Solar and Wind Subsidies Are a Clear Success. The Coal and Nuclear Industries Just Aren’t Ready to Admit It.

Solar and Wind Subsidies Are a Clear Success. The Coal and Nuclear Industries Just Aren’t Ready to Admit It.

The coal and nuclear industries criticize subsidies for solar and wind power based on their belief that the subsidies distort the market

However, a closer look shows the coal, natural gas, oil and nuclear sectors enjoy substantial subsidies, and federal outlays for solar investments are decreasing as the price of solar declines. Wind costs have also dropped significantly over the last decade. 

All sources of energy receive subsidies. The question is why continue to throw money at the dying coal and nuclear power industries, whose costs continue to rise despite subsidies.   

Meanwhile, the solar and wind industries saw significant growth only in the last decade. It stands to reason that these sectors would receive taxpayer support – they generate well-paying jobs and reduce pollution.

These technologies also continuously become more efficient, while their prices steadily decline. In fact, according to Lazard, unsubsidized utility-scale wind and solar farms are now cheaper than new coal power plants and are competitive with natural gas power plants.

This month, solar developer John Weaver provided an analysis of a recent Energy Information Administration report, which described 2016 federal direct spending, research and development, and tax expenditures on energy technologies.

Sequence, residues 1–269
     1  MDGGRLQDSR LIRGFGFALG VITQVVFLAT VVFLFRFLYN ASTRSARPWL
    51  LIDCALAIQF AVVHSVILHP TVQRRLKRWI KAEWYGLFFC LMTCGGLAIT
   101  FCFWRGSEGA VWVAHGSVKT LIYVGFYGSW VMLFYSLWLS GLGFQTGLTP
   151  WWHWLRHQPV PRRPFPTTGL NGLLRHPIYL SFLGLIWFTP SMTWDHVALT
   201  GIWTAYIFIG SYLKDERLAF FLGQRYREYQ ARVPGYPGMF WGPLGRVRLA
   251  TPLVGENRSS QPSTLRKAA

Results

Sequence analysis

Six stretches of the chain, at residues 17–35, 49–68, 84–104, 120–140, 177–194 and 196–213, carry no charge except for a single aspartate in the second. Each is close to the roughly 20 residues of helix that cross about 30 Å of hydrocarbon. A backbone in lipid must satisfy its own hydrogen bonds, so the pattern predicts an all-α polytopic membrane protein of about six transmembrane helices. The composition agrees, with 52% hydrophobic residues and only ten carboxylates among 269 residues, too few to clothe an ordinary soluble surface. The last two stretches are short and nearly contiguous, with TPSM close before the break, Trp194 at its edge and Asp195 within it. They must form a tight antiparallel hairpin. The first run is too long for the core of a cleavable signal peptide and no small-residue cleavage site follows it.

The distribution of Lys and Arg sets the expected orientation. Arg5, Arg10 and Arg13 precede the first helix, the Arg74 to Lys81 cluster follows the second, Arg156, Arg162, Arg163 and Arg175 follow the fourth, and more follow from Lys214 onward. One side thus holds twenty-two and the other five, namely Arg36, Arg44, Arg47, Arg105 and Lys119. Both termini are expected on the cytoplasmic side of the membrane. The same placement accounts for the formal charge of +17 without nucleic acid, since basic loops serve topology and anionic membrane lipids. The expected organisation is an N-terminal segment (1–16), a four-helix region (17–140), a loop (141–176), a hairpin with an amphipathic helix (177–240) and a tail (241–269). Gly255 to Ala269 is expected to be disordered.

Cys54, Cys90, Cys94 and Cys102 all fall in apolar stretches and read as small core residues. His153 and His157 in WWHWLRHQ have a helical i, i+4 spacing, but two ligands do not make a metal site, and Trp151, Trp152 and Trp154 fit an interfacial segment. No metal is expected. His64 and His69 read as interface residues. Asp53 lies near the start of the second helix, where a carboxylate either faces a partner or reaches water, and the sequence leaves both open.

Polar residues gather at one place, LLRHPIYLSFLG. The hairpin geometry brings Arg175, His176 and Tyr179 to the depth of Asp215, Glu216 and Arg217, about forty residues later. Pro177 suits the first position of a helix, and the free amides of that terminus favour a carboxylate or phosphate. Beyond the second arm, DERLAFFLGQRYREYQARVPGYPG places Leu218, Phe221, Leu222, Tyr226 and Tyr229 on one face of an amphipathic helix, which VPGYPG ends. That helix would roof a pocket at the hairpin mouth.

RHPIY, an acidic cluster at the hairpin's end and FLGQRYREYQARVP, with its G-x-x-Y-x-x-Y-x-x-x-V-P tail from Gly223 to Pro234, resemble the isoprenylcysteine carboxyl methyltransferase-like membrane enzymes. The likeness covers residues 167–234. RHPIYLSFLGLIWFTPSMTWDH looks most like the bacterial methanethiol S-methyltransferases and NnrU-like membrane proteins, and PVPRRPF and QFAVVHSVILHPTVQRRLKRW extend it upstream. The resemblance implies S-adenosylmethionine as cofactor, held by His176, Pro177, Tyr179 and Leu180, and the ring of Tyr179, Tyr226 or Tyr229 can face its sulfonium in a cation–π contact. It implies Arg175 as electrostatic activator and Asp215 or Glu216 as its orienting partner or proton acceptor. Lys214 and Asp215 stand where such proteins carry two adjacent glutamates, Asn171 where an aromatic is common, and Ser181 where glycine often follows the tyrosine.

Solar power is subsidized by the federal government with the 30 percent investment tax credit, or ITC, Weaver explained. Both large and small solar arrays qualify. The credit is based on the costs of a solar project. He notes that the outlays for this credit have dropped by half since 2013.   

“This speaks specifically to the falling price of solar power as the tax credit is directly based on project costs, and not system sizes,” Weaver said.

According to EIA, just over $1 billion in subsidies leveraged up to $30 billion in investment. Weaver suggests a higher number for subsidies, but, anyway you look at it, the solar ITC in 2016 leveraged much more investment than it cost.

Data from the Federal Energy Regulatory Commission show that since 2009, solar power capacity has multiplied by more than 89 times and wind power capacity has increased sixfold.

New coal and nuclear construction hasn’t seen the same success. The recent foray into new nuclear construction is reminiscent of the old days of construction delays and multi-billion-dollar cost overruns. Of new nuclear plants, one has been cancelled – the other is dependent on ratepayer support to get completed. Only one new nuclear unit has come online in the last 20 years. The new coal plants recently under construction or completed were total boondoggles.

But Congress is still dumping money into these technologies. According to EIA, the total combined tax expenditures for coal and nuclear power for years 2010, 2013 and 2016 were well over $4 billion combined. This doesn’t include the pay-as-you-go subsidy dumped on ratepayers at the state level to essentially force construction of these financially risky projects.

In addition, fossil fuels receive significant subsidies for development, extraction, investment and processing. A collaborative effort by Friends of the Earth, Taxpayers for Common Sense and the R Street Institute, known as the Green Scissors campaign, tracks federal tax expenditures for the energy sector. An analysis by the group concluded that fossil fuels received nearly $11 billion in subsidies in 2016.

The only reason nuclear power became a viable option in the first place was because Congress passed the Price Anderson Act in 1957 to shift the bulk of the costs of a major nuclear accident onto the public. These costs could come close to $1 trillion, according to CNN

By contrast, subsidizing wind and solar investment has yielded very positive results. Any complaints from the fossil fuel and nuclear industries about those subsidies are hypocritical at best.